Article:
The line vnStore = new (this, CMK_ValueNumber) ... ends up calling the specialised new operator defined in compiler.hpp (code shown below), which as per the comment, uses a customer ‘Arena Allocator’ that is implemented in /src/jit/alloc.cpp

 *  operator new
 *  Note that compGetMem is an arena allocator that returns memory that is
 *  not zero-initialized and can contain data from a prior allocation lifetime.
 *  it also requires that 'sz' be aligned to a multiple of sizeof(int)

inline void* __cdecl operator new(size_t sz, Compiler* context, CompMemKind cmk)
    sz = AlignUp(sz, sizeof(int));
    assert(sz != 0 && (sz & (sizeof(int) - 1)) == 0);
    return context->compGetMem(sz, cmk);

This technique (of overriding the new operator) is used in lots of places throughout the CLR, for instance there is a generic one implemented in the CLR Host.

‘Permanent’ Memory

The last type of memory that the JIT uses is ‘permanent’ memory to store the JITted machine code, this is done via calls to Compiler::compGetMem(..), starting from Compiler::compCompile(..) via the call-stack shown below. Note that as before this uses a customer ‘Arena Allocator’ that is implemented in /src/jit/alloc.cpp

+ clrjit!ClrAllocInProcessHeap
 + clrjit!ArenaAllocator::allocateHostMemory
  + clrjit!ArenaAllocator::allocateNewPage
   + clrjit!ArenaAllocator::allocateMemory
    + clrjit!Compiler::compGetMem
     + clrjit!emitter::emitGetMem
      + clrjit!emitter::emitAllocInstr
       + clrjit!emitter::emitNewInstrTiny
        + clrjit!emitter::emitIns_R_R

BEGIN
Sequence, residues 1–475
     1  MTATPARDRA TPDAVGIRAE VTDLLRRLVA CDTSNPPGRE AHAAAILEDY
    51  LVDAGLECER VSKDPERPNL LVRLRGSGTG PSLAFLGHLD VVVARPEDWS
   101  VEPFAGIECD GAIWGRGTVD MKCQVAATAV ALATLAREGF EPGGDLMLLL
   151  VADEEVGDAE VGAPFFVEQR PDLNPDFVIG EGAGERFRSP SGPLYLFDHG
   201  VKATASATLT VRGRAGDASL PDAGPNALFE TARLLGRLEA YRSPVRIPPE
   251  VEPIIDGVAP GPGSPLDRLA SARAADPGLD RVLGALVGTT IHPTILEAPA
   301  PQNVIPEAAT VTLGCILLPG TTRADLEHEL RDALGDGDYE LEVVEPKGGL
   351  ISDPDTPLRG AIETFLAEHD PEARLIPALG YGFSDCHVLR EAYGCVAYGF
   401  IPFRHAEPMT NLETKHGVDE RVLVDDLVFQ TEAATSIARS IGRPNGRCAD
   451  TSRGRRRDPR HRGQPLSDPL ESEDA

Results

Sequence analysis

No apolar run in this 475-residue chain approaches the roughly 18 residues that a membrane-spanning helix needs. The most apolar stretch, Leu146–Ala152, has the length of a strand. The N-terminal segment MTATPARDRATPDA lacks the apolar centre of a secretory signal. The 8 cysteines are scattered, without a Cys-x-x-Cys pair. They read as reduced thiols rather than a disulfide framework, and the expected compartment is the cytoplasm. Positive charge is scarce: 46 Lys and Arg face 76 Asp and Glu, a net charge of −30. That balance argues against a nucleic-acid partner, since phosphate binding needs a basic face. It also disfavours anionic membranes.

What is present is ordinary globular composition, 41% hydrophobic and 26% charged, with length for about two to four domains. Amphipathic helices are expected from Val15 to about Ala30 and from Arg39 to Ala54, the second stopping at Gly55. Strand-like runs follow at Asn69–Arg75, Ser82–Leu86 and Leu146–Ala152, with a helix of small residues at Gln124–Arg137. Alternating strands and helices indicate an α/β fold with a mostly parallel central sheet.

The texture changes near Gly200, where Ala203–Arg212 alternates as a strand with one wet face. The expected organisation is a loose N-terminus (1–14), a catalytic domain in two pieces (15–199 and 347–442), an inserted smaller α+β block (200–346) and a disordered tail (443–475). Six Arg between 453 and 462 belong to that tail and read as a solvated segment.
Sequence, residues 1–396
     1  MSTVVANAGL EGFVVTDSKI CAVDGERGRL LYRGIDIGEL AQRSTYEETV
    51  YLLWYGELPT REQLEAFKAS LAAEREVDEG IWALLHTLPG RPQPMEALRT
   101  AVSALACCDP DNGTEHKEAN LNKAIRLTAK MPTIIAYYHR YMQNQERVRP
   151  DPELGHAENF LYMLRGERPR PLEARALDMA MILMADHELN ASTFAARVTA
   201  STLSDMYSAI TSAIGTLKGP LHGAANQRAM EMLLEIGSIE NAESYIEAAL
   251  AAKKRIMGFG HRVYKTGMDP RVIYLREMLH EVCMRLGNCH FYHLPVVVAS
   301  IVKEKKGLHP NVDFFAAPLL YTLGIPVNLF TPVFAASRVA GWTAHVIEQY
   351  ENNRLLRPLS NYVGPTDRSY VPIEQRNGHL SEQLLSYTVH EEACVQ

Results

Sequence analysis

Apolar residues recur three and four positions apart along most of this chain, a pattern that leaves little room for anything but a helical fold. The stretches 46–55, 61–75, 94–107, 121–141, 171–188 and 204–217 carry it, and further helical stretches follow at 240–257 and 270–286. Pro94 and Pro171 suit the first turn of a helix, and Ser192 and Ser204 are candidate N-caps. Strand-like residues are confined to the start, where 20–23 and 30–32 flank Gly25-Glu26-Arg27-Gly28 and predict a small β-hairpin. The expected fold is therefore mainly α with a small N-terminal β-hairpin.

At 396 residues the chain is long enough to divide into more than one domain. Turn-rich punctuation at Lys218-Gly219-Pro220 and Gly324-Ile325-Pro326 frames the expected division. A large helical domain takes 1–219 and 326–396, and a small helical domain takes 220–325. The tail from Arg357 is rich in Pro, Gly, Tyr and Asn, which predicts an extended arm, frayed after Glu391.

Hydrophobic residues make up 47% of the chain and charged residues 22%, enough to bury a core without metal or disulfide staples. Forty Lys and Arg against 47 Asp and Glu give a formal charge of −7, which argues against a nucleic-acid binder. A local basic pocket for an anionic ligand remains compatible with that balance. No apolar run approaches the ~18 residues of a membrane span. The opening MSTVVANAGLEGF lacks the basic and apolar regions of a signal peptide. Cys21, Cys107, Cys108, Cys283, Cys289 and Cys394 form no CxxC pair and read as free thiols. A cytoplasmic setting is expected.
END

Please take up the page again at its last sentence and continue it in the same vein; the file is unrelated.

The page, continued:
+ clrjit!emitter::emitInsBinary
          + clrjit!CodeGen::genCodeForStoreLclVar
           + clrjit!CodeGen::genCodeForTreeNode
            + clrjit!CodeGen::genCodeForBBlist
             + clrjit!CodeGen::genGenerateCode
              + clrjit!Compiler::compCompile

Real-world example

Finally, to prove that this investigation matches with more real-world scenarios, we can see similar memory usage breakdowns in this GitHub issue: [Question] Reduce memory consumption of CoreCLR

Yes, we have profiled several Xamarin GUI applications on Tizen Mobile.

Typical profile of CoreCLR’s memory on the GUI applications is the following:

  1. Mapped assembly images - 4.2 megabytes (50%)
  2. JIT-compiler’s memory - 1.7 megabytes (20%)
  3. Execution engine - about 1 megabyte (11%)
  4. Code heap - about 1 megabyte (11%)
  5. Type information - about 0.5 megabyte (6%)
  6. Objects heap - about 0.2 megabyte (2%)

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Further Reading

See the links below for additional information on ‘Loader Heaps’